Exoskeletons: Reality in Manufacturing or Science Fiction?
Written by: Elisha Lemoire, CCPE, Managing Ergonomist
Mechanical exoskeletons combine a technology of robotics and information systems to form an outer framework for the human body that has predominately focused on military and rehabilitation applications. Lately, exoskeleton research for industrial applications is one of the fastest growing areas of interest. The primary industries adopting exoskeleton concepts are automotive, aviation, shipbuilding industries, medical facilities and industries requiring heavy lifting.
Various exoskeletons are available including exoskeleton arms, wearable suits, chair-less chairs, gloves and the most recent prototype phase of supernumerary exoskeletons. Regardless of the type, exoskeletons are designed to assist workers by supporting weight of tools or parts, assist with static/prolonged postures or simply allow workers to perform tasks easier and more efficiently.
We have worked with our clients to integrate exoskeleton equipment into various industrial settings to evaluate worker impact. We have specifically trialed the Levitate Airframe that transfers the weight of the arms from shoulders, neck and upper back to the core pads that rest on the hips. This exoskeleton is applicable for workers who perform repetitive arm motions and/or static above shoulder postures. An 8-week case study shows the most successful use of the equipment were jobs involving a large percentage of sustained non-neutral shoulder postures and jobs involving more transitions between neutral and non-neutral shoulder postures were less successful. Results also demonstrated a lower shoulder rate of perceived exertion (RPE) for the majority of workers in their respective jobs, however, 72% of workers opted to discontinue use of equipment due to discomfort outweighing the perceived shoulder benefits. Common concerns included job interference, fit, restriction of movement, heat, and the comfort of the equipment. Although Exoskeletons are becoming more feasible in industrial settings to aid in prevention of musculoskeletal disorders the design and technology still require modifications and user trial feedback before it will be a successful everyday presence in manufacturing.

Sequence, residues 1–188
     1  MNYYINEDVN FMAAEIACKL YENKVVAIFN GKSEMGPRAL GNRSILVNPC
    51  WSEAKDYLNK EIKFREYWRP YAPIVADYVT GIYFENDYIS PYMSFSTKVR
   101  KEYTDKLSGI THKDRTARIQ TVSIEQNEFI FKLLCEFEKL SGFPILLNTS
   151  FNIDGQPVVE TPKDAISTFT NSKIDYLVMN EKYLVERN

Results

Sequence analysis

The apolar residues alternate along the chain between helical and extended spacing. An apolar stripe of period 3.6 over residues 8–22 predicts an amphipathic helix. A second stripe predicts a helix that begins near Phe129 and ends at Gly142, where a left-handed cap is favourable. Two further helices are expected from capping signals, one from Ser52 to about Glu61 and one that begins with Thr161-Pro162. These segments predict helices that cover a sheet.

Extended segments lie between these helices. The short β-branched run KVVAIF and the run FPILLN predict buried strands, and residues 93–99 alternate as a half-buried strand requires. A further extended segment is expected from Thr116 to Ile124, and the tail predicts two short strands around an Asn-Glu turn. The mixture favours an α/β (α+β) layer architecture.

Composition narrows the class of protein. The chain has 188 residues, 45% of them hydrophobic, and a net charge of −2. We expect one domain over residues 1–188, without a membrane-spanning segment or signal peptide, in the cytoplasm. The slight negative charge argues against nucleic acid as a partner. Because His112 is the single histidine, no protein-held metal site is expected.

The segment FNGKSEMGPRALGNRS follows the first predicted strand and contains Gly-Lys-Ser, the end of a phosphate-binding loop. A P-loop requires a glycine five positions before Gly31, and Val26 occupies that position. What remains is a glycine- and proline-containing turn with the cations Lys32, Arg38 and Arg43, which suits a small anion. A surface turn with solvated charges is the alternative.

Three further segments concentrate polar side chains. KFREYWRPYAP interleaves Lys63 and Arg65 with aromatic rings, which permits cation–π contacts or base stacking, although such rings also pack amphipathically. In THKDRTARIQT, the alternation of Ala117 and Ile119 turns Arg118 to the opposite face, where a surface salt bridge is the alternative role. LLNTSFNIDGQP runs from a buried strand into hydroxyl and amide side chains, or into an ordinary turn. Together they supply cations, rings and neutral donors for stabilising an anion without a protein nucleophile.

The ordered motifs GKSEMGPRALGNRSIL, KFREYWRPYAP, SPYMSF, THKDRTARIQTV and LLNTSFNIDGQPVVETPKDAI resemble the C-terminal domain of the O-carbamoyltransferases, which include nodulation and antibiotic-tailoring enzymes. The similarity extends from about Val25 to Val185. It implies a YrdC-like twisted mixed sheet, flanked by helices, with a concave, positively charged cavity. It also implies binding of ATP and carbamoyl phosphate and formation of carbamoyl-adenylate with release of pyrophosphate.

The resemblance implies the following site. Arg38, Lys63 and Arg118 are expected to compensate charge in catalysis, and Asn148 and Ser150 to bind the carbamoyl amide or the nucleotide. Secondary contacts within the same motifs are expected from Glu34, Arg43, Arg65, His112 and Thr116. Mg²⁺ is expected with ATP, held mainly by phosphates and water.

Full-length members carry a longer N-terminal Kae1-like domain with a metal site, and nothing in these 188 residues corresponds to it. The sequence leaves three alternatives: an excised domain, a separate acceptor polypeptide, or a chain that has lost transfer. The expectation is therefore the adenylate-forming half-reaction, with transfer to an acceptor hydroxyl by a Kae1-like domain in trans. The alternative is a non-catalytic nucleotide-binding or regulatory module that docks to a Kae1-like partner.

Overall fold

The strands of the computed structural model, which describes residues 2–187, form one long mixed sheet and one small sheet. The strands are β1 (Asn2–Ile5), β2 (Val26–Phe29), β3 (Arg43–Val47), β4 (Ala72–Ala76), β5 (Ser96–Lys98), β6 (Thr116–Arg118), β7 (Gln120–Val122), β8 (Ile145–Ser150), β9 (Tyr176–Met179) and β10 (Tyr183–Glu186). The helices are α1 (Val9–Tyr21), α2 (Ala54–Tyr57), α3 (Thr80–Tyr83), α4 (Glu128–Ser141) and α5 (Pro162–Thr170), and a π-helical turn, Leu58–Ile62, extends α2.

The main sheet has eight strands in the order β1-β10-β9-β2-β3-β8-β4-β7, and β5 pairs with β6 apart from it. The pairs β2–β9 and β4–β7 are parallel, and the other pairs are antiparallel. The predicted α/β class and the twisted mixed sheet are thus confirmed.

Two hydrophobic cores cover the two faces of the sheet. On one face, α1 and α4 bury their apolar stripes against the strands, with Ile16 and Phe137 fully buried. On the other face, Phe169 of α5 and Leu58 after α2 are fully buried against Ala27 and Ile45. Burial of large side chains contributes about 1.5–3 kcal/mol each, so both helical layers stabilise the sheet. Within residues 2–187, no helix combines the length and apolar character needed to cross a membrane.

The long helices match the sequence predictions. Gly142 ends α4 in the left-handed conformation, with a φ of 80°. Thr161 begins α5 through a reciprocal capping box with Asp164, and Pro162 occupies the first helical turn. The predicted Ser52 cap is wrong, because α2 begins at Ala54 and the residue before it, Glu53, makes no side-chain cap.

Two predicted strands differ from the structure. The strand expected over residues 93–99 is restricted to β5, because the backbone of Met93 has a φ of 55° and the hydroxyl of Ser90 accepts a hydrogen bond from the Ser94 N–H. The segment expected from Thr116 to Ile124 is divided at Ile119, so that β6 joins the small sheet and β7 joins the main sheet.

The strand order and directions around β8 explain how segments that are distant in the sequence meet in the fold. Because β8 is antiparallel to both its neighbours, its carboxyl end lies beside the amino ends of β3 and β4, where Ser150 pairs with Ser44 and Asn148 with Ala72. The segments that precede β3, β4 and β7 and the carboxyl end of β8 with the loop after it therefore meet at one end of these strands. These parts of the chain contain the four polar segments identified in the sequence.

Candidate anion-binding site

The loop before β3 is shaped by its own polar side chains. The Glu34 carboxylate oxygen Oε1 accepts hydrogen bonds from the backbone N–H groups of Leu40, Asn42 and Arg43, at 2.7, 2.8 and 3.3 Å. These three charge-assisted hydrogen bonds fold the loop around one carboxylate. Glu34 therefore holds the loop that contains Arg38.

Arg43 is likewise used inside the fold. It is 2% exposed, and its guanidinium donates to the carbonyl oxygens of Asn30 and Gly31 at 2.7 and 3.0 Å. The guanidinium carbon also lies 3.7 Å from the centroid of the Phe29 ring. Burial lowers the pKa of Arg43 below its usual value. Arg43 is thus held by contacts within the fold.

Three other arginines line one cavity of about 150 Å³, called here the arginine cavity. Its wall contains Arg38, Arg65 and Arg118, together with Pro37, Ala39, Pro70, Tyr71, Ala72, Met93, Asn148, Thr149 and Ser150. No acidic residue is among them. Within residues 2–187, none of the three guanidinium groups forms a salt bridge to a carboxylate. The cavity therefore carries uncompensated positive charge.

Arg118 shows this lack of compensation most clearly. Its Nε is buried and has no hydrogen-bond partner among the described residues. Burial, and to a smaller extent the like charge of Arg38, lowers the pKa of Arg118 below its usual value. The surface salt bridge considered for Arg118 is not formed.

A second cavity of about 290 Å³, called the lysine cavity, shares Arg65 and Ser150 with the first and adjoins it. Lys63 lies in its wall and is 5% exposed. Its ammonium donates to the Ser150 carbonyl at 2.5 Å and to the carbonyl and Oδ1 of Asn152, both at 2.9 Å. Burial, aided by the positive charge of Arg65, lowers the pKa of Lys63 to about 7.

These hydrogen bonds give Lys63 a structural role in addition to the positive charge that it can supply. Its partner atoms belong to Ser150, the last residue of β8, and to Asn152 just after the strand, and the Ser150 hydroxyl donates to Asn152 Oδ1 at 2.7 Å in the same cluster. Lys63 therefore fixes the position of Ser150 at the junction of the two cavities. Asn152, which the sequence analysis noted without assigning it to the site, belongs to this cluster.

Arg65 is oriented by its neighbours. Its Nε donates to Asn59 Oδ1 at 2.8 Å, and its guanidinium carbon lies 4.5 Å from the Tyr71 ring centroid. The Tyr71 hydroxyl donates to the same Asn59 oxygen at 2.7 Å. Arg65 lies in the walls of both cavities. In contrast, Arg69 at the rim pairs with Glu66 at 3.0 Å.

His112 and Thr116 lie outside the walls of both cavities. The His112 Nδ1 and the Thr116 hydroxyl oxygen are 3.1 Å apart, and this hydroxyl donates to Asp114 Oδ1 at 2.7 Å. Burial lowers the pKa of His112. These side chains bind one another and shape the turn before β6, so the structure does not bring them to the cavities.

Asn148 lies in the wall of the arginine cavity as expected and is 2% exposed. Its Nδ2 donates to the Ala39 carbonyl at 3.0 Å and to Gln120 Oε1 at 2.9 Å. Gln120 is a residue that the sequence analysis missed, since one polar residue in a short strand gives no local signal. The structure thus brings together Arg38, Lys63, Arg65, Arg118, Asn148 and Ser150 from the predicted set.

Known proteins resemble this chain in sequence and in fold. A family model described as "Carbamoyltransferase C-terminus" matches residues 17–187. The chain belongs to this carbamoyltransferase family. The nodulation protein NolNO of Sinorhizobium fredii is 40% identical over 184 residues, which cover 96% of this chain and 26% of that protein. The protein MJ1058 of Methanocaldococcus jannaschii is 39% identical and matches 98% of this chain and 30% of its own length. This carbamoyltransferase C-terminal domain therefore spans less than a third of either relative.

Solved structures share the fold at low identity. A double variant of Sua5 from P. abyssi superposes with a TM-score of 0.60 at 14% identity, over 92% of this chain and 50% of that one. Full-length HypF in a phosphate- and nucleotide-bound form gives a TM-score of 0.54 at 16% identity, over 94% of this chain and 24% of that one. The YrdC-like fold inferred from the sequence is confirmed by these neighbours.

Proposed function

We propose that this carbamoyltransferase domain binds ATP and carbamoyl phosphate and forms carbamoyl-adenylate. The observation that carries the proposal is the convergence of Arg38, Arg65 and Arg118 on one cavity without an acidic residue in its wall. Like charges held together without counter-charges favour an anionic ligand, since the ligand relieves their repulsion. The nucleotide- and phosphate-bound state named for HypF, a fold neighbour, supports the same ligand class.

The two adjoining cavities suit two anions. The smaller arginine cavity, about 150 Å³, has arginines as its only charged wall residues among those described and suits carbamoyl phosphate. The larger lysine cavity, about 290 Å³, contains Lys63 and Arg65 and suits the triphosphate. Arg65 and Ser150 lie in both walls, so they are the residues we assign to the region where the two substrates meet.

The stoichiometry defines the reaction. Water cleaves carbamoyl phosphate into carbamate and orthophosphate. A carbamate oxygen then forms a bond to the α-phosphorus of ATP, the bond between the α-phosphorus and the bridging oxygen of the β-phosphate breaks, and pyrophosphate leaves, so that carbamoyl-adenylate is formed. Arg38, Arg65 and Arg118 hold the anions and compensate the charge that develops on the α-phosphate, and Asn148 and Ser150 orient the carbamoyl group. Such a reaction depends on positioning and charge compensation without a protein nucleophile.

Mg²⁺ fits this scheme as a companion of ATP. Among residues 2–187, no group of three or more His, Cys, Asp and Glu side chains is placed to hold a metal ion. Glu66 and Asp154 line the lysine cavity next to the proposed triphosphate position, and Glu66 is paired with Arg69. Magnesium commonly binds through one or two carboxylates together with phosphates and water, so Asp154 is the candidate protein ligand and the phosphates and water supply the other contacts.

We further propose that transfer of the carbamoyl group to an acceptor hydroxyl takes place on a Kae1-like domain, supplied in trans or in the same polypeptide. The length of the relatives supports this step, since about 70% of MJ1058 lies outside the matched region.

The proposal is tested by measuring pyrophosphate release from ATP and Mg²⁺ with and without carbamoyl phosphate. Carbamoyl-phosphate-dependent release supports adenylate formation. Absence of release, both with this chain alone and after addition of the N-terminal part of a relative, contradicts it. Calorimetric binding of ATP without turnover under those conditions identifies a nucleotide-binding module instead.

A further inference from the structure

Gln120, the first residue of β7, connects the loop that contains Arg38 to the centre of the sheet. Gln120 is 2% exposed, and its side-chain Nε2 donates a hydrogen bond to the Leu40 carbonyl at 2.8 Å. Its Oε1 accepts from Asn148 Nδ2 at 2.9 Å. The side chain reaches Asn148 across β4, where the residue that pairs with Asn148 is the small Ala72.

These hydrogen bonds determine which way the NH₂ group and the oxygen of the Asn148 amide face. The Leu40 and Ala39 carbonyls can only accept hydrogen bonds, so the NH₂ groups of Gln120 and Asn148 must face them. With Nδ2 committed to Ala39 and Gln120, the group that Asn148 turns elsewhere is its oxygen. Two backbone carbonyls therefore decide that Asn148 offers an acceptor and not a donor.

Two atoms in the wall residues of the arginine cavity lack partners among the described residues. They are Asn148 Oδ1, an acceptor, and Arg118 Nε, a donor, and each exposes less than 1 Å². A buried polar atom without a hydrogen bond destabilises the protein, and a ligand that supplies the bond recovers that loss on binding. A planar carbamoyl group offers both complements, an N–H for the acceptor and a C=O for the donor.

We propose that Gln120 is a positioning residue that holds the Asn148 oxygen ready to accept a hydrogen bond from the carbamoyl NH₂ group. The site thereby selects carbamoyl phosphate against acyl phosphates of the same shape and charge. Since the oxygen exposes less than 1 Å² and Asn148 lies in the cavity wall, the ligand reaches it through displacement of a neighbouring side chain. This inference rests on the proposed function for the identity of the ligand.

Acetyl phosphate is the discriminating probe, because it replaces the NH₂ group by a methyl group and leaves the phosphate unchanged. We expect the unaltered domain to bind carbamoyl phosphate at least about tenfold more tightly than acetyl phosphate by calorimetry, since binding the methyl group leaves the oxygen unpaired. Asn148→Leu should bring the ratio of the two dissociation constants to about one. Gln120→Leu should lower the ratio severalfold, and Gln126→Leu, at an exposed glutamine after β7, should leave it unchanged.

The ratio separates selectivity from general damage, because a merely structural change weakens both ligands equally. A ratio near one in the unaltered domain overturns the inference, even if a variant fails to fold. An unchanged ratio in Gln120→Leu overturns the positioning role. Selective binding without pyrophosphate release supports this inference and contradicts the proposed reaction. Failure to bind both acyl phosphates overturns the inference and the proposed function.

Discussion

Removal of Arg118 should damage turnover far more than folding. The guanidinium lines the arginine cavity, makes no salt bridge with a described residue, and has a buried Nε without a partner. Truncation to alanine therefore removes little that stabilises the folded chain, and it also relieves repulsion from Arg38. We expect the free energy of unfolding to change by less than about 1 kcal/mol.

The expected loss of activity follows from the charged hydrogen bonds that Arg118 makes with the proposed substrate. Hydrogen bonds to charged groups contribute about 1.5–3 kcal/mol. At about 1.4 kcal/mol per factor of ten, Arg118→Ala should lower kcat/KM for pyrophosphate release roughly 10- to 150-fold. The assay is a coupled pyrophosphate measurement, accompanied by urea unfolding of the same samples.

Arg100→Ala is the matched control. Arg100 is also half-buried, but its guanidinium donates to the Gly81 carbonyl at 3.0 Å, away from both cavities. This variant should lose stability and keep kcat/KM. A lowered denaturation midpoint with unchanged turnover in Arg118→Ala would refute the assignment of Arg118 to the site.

When integrating exoskeleton equipment, an Ergonomist’s input is required to ensure no new risks are created. An Ergonomist can help facilitate trials monitoring objective performance while obtaining subjective user feedback which can determine benefits, equipment limitations, job suitability and practicality. Options Incorporated provides this critical analysis and participate approach to develop the parameters for effective integration of exoskeleton equipment while determining the benefits and/or limitations of its use. According to Dr. Leonard O’Sullivan a specialist in Ergonomics and Product Design at the University of Limerick in Ireland indicates “we’re not looking to make super-heroes. We want to develop a helper that supports production workers in their everyday work and keeps them healthy”.
Feel free to contact us if you would like to learn more about potentially integrating exoskeletons.Contact Us Back to Articles